Our name may have changed over the years, but our mission has always been the same – to advocate for our airport members and provide services that strengthen the ability of airports to serve their passengers, customers, and communities. Prior to becoming ACI-NA in 1992, the Airport Operators Council International (AOCI) championed these same efforts on behalf of airports. Below are some of the key achievements of AOCI.

  • Good neighbor policies: Use of preferential runways, limited hours of operation, special climb procedures, purchase of additional land in approach areas, runway extensions to displace runway takeoff points, and use of sound barriers at run-up locations.
  • Noise abatement practices: Persistent lobbying in the 1960s led to laws that recognize that the federal government is responsible for the control and abatement of aircraft noise and that the Federal Aviation Administration (FAA) has the power to enforce these standards. Regulations were also recognized at the manufacturing level.
  • Disability guides: First published in 1977, Access Travel: Airports serves as a guide on accessibility facilities at airports for disabled and elderly travelers.  It has been periodically updated.
  • Downes Award: Created in July 1972 as a distinguished service award that would recognize individual airport managers for extraordinary service to the industry. The criteria developed for this award would eventually be incorporated and expanded into the AOCI William E. Downes, Jr. Award for Excellence in Aviation, established in 1977. The first recipient, presented in 1978, was General Jimmy Doolittle for his work in the development of international aviation and his work in aircraft noise abatement policy. The Downes Award remains ACI-NA’s most prestigious award.
  • Airport Liability Insurance Program: Developed in 1979. Over the years, it has been continually supported by the airport membership.
  • Commissioners Roundtable: In 1980, there was a meeting of airport commissioners from 20 airports during the AOCI annual conference in Mexico City.  This was the first informal meeting of this constituency.  The commissioners believed since they represented the policy-making arm of airport boards there should be a separate forum for exchanging ideas in policy setting and assistance for lobbying efforts made by the group.  This led to informal “roundtable” meetings of the airport commissioners at annual conferences, the establishment of an annual congressional dinner/award function for airport congressional needs, and a mid-year meeting dedicated to representing specific commissioner interests.   In 1989, the Commissioners Roundtable was officially recognized by the members in the association’s bylaws, with a voting seat on the AOCI Board of Directors.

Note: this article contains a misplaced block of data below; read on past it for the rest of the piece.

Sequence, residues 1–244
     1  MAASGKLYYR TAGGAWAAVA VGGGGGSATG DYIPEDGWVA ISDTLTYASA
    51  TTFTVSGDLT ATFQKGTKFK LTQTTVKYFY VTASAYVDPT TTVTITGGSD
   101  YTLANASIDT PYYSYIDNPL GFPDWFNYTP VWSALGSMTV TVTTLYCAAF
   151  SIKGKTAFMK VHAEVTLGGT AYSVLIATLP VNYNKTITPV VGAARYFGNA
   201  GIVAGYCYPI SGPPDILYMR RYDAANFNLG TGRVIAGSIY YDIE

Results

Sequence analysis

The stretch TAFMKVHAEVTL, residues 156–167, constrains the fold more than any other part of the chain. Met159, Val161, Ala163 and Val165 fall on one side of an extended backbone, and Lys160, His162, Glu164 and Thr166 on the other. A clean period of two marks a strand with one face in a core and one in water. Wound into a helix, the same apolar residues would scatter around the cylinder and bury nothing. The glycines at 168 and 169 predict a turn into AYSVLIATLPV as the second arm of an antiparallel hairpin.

• Bilateral Program: In the fall of 1982, the U.S. international airport members approved hiring a staff person to serve as technical advisor to the U.S. State Department’s air service bilateral negotiating team.
  • Associates Program: In early 1988, the board of directors received a report from an ad-hoc committee concerning club room hosts and consultants who sponsor social events at the annual conference. It indicated their desire for greater involvement in AOCI activities, principally in standing committee meetings. Later that summer, the board decided to form an Associates Program effective at the 1989 annual conference. Today Associate and World Business Partner members represent nearly 400 companies and have a voting seat on the ACI-NA Board of Directors.
  • Exhibitions: During the same period, AOCI introduced several educational exhibits, based on particular themes. They debuted at the 1989 annual conference in Houston and expanded at the1990 annual conference in Chicago.  The board decided that associates should be given priority and right of first refusal for available exhibit space.
  • PFCs: In 1990, AOCI was successful in lobbying Congress to authorize Passenger Facility Charges (PFCs) as part of the Omnibus Budget Reconciliation Act of 1990.  FAA subsequently codified the regulations for PFCs in regulation and the first PFCs were collected by McCarran International Airport in Las Vegas in 1991.  Today, PFCs have become a foundation of airport capital investment and are positively viewed by the bond rating agencies and investor community.

Click here to return to ACI-NA History >>